Physiotherapists play a critical role in patient recovery. Despite their dedication, ability to operate under adversity and their resilience, they are still confronted by patients who do not adhere to the treatment regimes. Whilst this is true for all health care professions, physiotherapists have the added reputation of “hurting” patients, or even requiring of them to do the impossible. Add to this the other occupational hazards, such as stress, burnout, compassion fatigue, long hours, and more recently COVID-19. Yet from an ethical point of view, we expect of them
to do well and act in the best interest of their patients.
Several factors have been identified as contributing to the lack of adherence related to:
- The patient
- Socio-demographic and socio-economic factors.
- Poor social support.
- Perceived ability to take ownership and ability to accommodate exercises.
- Internal Locus of Control and motivation.
- The treatment & the context
- Treatment exacerbates the pain the experience.
- Perceived difficulty of the exercises.
- Beliefs about the efficacy of the treatment.
- The physiotherapist
- Characteristics and behavioural profile of the physiotherapist.
- The nature of the relationship.
The challenge for physiotherapists is to decide what they have control over and what not, and how this will help them improve adherence. Herrmann’s Whole Brain® thinking preference approach seems to offer one way of helping therapists determine their own approach, but also what the patient might need from them. Thus, the approach, through its use of the metaphorical 4
Quadrant thinking preferences, helps physiotherapists to decide how they are actually approaching the patient vs. what the patient might need. In understanding the clues patients leave, the model can also help improve the communication between therapist and patient:
- The Analytical-problem solving Quadrant, where the focus is on diagnosis, goals and, ultimately, getting results.
- The Structured-organised Quadrant, where the focus is on practical implementation and follow-through.
- The Relational-engaging Quadrant, where the relationship with & empathy for the patient is paramount.
- The Big picture-creative quadrant, where the focus is on finding alternative solutions and thinking out the box.
Where therapist and patient are of a like mind, e.g., providing information, setting goals and a “let’s-get-on-with-it” adherence may be more easily achieved. The same mind-set from the therapist, when the client needs engagement, interaction, a desire to express their fears and concerns, may in fact exacerbate the patient’s non-adherence.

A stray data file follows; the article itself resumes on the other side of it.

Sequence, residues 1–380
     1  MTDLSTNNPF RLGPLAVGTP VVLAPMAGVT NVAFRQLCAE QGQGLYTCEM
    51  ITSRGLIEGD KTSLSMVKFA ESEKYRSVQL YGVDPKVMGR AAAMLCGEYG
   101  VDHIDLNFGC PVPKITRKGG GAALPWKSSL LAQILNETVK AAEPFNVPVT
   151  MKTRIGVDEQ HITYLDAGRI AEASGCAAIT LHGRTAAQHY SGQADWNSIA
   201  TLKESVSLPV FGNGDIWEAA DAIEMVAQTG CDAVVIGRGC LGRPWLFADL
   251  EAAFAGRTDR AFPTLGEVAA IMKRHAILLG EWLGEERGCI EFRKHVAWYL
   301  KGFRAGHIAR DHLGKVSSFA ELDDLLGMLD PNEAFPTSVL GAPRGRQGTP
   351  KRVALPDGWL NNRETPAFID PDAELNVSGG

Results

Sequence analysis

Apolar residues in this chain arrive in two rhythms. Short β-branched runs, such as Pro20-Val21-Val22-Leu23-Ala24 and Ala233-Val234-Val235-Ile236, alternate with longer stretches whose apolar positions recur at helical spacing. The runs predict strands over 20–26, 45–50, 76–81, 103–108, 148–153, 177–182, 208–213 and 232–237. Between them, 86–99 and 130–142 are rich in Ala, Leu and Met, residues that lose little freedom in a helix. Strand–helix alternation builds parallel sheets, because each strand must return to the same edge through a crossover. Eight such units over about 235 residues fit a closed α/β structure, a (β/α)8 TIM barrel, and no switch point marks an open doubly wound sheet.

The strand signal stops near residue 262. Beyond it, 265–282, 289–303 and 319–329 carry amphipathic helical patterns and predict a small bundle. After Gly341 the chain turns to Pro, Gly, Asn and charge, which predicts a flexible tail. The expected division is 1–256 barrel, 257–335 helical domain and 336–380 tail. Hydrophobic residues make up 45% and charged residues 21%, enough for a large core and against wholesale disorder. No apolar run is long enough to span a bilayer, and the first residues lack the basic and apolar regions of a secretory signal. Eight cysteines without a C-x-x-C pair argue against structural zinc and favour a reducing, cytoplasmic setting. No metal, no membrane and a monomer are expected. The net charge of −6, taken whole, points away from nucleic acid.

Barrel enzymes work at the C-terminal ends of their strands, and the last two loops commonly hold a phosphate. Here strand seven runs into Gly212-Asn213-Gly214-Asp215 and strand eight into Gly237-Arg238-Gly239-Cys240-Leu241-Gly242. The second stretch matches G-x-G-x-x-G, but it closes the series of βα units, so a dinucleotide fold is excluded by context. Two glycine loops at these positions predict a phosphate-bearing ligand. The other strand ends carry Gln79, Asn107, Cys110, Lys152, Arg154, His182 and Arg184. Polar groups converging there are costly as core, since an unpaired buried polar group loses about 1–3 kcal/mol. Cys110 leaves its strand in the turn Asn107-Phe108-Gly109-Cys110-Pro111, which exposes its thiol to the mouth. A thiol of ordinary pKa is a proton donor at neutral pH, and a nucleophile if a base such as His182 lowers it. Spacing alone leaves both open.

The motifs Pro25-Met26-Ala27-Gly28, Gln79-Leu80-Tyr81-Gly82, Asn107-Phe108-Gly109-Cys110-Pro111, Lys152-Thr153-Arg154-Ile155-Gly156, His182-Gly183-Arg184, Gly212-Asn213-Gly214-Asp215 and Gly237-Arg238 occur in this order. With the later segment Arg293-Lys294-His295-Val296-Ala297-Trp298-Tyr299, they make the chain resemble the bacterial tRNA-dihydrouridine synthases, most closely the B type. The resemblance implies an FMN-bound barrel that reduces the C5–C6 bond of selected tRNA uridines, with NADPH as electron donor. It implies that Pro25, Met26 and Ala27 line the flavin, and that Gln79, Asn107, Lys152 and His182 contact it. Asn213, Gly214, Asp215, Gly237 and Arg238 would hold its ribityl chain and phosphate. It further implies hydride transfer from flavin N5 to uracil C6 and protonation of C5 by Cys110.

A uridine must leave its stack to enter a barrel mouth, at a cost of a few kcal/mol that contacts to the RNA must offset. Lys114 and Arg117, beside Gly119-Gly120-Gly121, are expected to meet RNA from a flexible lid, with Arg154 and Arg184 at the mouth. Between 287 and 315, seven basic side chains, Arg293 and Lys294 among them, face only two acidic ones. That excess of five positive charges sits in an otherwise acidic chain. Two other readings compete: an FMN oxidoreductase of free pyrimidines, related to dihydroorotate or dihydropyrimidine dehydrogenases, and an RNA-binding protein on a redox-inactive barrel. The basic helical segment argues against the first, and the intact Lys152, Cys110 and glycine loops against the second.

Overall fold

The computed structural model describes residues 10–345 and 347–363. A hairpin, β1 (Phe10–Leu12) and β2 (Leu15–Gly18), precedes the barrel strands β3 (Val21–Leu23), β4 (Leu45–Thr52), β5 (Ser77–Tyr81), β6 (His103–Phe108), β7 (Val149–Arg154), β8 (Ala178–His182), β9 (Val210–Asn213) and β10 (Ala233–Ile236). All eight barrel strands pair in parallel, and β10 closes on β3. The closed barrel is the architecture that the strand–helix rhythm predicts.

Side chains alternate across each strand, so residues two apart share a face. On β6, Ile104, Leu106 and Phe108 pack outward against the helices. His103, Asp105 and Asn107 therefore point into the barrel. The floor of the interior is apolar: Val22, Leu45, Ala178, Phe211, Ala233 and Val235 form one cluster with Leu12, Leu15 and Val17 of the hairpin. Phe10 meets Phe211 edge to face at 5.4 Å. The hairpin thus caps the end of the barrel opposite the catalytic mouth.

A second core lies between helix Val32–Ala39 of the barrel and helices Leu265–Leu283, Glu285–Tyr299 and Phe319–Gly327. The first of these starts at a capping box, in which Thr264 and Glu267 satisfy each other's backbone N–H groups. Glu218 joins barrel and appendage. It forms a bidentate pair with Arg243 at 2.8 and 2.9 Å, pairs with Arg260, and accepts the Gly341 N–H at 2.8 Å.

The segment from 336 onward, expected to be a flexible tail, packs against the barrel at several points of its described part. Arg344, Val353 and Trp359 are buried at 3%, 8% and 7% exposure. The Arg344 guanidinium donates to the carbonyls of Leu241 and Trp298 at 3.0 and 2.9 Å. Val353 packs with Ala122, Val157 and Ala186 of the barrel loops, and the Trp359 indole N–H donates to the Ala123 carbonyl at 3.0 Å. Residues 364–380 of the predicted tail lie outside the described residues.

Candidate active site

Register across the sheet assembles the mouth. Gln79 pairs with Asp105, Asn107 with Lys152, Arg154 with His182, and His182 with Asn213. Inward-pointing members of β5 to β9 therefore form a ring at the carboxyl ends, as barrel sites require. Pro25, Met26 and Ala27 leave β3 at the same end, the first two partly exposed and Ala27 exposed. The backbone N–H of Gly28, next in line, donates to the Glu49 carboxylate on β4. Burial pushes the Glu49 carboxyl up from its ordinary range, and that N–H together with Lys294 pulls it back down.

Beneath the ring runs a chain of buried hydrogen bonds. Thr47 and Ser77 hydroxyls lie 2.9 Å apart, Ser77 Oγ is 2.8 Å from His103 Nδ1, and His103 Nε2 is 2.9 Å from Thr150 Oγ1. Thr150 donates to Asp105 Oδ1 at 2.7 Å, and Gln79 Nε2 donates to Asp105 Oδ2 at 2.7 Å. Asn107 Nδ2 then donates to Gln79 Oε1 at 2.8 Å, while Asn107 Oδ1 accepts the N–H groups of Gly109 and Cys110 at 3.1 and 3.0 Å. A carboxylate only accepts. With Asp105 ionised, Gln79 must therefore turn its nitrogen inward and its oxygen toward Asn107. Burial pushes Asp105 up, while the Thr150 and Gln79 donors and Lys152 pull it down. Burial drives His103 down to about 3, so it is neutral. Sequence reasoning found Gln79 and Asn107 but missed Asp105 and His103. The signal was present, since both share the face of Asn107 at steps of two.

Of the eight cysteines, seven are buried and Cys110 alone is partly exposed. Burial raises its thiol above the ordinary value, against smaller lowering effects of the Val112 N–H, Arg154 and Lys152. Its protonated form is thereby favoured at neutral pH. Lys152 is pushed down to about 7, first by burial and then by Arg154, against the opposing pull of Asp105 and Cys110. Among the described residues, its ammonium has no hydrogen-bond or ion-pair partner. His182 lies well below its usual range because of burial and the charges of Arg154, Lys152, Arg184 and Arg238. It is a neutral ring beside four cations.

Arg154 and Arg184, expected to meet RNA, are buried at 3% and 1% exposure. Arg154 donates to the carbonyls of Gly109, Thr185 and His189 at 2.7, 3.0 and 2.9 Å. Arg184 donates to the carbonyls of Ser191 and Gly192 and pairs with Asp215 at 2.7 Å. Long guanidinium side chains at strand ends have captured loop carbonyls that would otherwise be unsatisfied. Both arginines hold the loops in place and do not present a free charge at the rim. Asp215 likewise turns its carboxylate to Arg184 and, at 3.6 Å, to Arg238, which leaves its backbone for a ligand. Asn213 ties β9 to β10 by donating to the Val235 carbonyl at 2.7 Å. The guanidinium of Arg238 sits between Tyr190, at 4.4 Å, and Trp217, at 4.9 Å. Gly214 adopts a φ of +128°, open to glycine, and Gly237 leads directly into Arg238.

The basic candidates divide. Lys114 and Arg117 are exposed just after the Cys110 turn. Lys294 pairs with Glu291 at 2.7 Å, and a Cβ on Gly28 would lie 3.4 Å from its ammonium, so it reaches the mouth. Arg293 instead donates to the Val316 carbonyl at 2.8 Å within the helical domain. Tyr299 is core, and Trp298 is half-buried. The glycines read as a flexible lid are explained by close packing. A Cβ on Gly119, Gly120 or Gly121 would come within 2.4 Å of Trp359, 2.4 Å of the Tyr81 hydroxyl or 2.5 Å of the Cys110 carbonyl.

Similarly, a patient who has a need for a step-by-step breakdown of the treatment plan, who wants something on paper to take home and to refresh their memories, might find it difficult to follow, and even remember, the conceptual-creative therapist, who talks about options and possibilities. This is true especially in a hospital context, where the patient’s mental resources are already depleted. Therapists may become somewhat irritated by these patients who would rather play it safe and need constant monitoring and follow-up. Conversely, the therapist
who has a structured, planned and organised approach might see some patients as slapdash, all talk and no action.
Research done in a South African context identifies the typical Whole Brain® profile of physiotherapists and indicates that often it tends to be more goal and task focused. This has implications for patient interaction, engagement and empathy for patients’ challenges, as well as working with patients to find alternative solutions that may be more conducive to their needs and ensure greater flexibility around adherence.
Thus: Understanding their own and the patient’s strengths, hot buttons and blind spots, could also help physiotherapists to identify more appropriate ways to engage with the client around the total treatment plan, and both implicitly and explicitly the issue of adherence.
Physiotherapists must ensure they are agile in their thinking and able to shift mental gears to accommodate the wide range of patients they are dealing with. In addressing their own underlying concerns about being authentic, understanding the hot buttons, concerns and thinking biases of patients will go a long way to overcome adherence issues. Considering the Whole Brain® model as a mental framework to address these concerns will prove of value to physiotherapists in changing patient behaviours.
Why don’t you join us and learn more about your own approach and how to use the Whole Brain® model in your practice to the benefit of your patients.